- Lack of Conscious Goals. We oftentimes have superficial goals like “I want to lose ten pounds so I can fit back into my jeans again.” But is that something we can feel motivated about for the long term? It’s too easy to get distracted. We need something that is really driving our daily life and serves a bigger cause. I get up and do my best to take care of myself because I have a bigger mission of serving women and helping them to improve their health so that they can live happier more fulfilling lives. That’s important to me because every woman has a special gift to share in this world. PLUS, I want to start a family soon and travel. My health is so important in creating that support for myself. So I align with that on a daily basis. If we don’t have clarity on conscious goals, then it’s really easy to get distracted and lose motivation.
- Your Circle of Influence. If we’re around people who aren’t practicing these healthy habits, it will be really difficult to practice them ourselves. Perhaps the people we spend the most time with watch a lot of TV or they don’t eat healthy…that is eventually going to influence us. Get a mentor, join a team, and find a tribe. Be surrounded with others who inspire health!
- The Rhythms and Cycles of Life. Summertime is actually a time when we’re supposed to rest. We shouldn’t be out there pushing ourselves in the heat. As hard as it is to lay low, it’s actually what we’re meant to do in the summer. It’s best to try to work in alignment with the seasons. The better times to be active in the summer are earlier in the day. Work out when it’s cooler. Stay in and away from the sun during the hotter times of day. Then at night, start to cool down again with light exercises or reading and journaling. This allows the body to prepare for rest.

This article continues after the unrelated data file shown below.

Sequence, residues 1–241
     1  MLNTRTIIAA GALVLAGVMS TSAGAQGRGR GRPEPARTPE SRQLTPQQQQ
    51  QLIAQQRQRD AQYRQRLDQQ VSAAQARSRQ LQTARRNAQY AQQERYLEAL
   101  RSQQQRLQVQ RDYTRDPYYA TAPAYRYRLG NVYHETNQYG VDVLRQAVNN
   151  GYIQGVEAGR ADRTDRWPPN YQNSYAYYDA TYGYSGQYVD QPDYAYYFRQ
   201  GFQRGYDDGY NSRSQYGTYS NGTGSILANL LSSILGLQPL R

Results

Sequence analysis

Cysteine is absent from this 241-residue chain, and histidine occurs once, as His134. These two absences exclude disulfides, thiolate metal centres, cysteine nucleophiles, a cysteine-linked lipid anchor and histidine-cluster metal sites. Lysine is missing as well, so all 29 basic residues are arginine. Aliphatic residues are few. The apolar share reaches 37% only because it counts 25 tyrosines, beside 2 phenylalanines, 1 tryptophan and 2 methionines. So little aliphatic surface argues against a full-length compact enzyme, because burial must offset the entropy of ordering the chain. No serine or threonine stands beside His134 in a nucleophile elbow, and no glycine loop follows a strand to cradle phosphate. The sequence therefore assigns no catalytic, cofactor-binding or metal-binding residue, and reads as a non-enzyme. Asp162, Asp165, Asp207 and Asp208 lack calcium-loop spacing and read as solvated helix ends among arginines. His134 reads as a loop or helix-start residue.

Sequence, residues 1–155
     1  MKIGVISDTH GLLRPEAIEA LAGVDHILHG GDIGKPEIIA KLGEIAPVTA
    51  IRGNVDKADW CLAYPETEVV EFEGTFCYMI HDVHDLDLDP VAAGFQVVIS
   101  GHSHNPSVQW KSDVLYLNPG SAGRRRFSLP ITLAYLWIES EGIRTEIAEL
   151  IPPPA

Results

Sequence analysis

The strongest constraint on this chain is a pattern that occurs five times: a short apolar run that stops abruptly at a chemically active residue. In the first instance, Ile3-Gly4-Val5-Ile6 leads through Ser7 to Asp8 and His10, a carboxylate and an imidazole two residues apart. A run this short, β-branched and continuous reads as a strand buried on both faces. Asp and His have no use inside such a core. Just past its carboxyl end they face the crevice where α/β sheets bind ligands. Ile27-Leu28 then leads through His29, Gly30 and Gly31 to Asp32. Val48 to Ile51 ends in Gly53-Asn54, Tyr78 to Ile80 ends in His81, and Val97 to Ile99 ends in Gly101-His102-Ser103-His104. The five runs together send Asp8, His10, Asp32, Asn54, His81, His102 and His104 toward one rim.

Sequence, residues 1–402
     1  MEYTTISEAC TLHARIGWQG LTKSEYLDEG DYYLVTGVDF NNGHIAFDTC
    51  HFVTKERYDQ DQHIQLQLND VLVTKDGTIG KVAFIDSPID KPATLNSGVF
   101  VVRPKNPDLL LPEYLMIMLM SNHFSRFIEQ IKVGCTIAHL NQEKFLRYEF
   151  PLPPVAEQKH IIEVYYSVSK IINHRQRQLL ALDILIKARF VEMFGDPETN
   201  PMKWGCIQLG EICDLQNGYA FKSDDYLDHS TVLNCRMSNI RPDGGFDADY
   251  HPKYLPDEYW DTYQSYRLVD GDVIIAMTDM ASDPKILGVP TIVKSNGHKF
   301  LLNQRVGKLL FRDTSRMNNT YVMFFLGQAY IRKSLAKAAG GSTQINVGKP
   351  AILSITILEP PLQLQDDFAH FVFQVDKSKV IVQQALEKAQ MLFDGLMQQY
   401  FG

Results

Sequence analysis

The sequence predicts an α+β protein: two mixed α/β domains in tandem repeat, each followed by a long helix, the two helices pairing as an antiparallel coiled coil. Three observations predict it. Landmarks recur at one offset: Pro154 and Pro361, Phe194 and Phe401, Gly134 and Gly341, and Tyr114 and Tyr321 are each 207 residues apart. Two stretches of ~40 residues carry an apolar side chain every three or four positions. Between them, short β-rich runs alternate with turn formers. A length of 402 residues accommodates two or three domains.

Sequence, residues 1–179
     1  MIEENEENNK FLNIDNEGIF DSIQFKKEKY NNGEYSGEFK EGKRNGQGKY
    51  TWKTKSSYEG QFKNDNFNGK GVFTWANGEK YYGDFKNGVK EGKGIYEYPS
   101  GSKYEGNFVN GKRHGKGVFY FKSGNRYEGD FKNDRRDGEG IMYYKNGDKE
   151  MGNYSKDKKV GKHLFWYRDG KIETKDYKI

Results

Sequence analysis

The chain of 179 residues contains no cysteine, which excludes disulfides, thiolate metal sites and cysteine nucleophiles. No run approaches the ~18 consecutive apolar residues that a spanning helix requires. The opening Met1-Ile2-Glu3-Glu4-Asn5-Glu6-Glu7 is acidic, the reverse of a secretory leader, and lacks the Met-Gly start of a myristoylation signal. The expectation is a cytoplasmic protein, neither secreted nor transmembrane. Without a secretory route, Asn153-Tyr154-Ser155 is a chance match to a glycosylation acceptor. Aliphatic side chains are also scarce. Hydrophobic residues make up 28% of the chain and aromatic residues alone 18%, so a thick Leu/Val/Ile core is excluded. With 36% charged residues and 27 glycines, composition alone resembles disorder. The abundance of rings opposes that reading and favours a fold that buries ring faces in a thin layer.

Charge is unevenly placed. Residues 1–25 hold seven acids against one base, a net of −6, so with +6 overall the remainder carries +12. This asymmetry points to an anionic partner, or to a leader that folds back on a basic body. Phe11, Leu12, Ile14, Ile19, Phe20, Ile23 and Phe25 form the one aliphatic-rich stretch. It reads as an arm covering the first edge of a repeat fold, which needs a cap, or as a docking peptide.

Bottom line – consistency is key for all of this. We are the results of what we do on a consistent basis. So if we’re not happy with something in our lives right now, we need to look at our routines and habits.
If you need more support with this, you can join me for a breakthrough call. We can unlock where you feel stuck, and start getting you some results! Feel free to email me to book a call firstname.lastname@example.org